Bullshit and the Art of Crap Detection – Analysis

Postman’s essay discusses truth in authorship, or lack of it. More specifically tailored to teachers at the NCTE (National Convention for the Teachers of English) to give them the awareness of bullshit. It was written in 1967, before digital media, but is still related to ideas about digital technology today. He is quick to validate his use of words referring to Ernest Hemmingway, who said that crap detection is a quality that we all need above all else. It does however grab the attention of artists; bullshit is heavily linked with art because of its obscure language. The essay defines crap and gives us the information to detect it. Fox news reported that parts of Birmingham were no go areas for non-muslims, after those words left Steve Emerson’s mouth, some believed it as truth, but those informed to distrust the news poked fun at the accusations. http://www.bbc.co.uk/news/uk-england-birmingham-30913393

Bullshit is a shortcut that gives people and businesses the affirmation or the excuse that what they are doing is right, and they sell this bullshit to others. We are exposed to a lot of bullshit ideas that manipulate our thinking. Postman highlights the importance for students to be aware of when they are being told these ideas.

The essay separates bullshit into categories. Pomposity refers to obscuring perception through decorative language and titles. This bullshit relies on the validation of popularity and occupation as well as the use academic language to distract from sluggish content. We are exposed to celebrities opinions based on their titles, not on the quality of what they are saying. Fanaticism is a form of arrogance. This bullshit refers to those who don’t take feedback well, they have a point of view that can’t be challenged because of their self-assurance. Inanity speaks of bullshit similar to pomposity. Media manipulation where statements are issued to mass audiences, but those statements are spoken by someone no more credible that the audience itself. Superstition indicates ignorance, using rhetoric to discount fact.

However, bullshit is said to be a lot more complex than following a code of categories. Because ‘each person’s crap detector is embedded in their value-system’. Without values, it is difficult to identify what is right and what is wrong. Possibly the most complex detection of bullshit is within ourselves. The importance in crap detection is to be taught values, only then can we distinguish what is true or false. A lot said on social media is opinion that isn’t based on fact and can be controversial and damaging for others.”10,000 tweets containing a racial slur are posted on Twitter every day,” (http://www.huffingtonpost.com/nitya-rajan/racism-in-140-characters_b_4922343.html), values allow people to identify whats right and what is wrong. Postman’s third and forth laws examine this further, suggesting that nothing is what we think its about, including ourselves. This is because identity is constructed and complex, to think without fact is a fanaticism and a point of view that could well be bullshit.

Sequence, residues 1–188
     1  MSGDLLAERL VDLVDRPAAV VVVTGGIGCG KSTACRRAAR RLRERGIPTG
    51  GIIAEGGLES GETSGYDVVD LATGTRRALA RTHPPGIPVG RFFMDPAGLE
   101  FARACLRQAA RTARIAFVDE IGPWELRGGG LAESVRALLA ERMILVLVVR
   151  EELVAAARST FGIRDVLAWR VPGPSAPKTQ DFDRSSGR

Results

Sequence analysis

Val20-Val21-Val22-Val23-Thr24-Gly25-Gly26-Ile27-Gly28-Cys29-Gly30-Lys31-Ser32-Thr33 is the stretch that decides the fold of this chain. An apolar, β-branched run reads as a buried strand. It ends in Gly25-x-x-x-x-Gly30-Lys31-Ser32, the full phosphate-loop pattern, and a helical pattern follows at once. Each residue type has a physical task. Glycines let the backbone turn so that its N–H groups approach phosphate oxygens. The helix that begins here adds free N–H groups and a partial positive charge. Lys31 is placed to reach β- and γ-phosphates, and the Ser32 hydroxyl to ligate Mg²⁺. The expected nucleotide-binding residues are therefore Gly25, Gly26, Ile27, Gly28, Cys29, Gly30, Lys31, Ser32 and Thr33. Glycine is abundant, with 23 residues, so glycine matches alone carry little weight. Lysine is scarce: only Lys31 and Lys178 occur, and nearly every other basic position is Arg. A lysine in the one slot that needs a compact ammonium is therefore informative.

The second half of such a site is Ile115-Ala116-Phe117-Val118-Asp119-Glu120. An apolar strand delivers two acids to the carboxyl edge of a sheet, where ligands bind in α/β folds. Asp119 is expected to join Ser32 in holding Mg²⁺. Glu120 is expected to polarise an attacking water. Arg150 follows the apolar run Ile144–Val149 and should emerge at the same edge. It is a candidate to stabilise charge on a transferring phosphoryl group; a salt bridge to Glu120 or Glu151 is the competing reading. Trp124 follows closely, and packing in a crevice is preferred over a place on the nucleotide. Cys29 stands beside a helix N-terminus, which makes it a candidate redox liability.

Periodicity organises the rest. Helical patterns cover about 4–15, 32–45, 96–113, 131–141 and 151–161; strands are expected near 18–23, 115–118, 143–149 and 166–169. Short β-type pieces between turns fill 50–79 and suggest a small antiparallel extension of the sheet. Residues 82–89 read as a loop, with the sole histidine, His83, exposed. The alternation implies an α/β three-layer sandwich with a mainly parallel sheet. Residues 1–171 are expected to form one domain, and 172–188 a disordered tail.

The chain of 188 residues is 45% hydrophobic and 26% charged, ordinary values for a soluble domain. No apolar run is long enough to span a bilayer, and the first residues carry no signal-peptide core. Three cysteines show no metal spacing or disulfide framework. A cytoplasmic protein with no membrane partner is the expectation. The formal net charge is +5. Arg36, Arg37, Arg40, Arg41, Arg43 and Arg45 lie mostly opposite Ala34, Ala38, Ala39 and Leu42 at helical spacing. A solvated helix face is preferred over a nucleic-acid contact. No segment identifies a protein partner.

The idea based around crap detection is controversial. It discounts supported ideas like communism and patriotism as bullshit. Bias is evident with such ideas, but discounting them opens up more philosophical arguments to whether everything is bullshit. Postman argues that large groups do manipulate thinking, but then what isn’t bullshit? Bullshit is analysed well, but a lot of thinking is based on opinion, even Plato and Kant believed in fantasy as a reality, should we discount something because it is an ideology that is ‘saturated with bullshit’?

The essay was written in 1967, one year before the 68′ riots about the war in Vietnam. Polls showed that the support for the war had fallen below the 50% margin (http://www.history.com/this-day-in-history/thousands-protest-the-war-in-vietnam). An indication that at the time, the people of America were fed justification from President Lyndon Johnson for a war that they didn’t want. Postman’s attachment to the distrust of ‘isms’ could well be linked to the war against the spread of communism (Vietnam war). However, a lot that he has mentioned links to the online world, that with everyone having the access to be publishers, there is an increase in bullshit. Regardless, the seems to be an afterthought everything is bullshit, and not a definitive way of how teachers should allow their students to critical respond to media that lacks factual information. It is an incredibly subjective article in itself, which does reflect the thinking during that time in American history.



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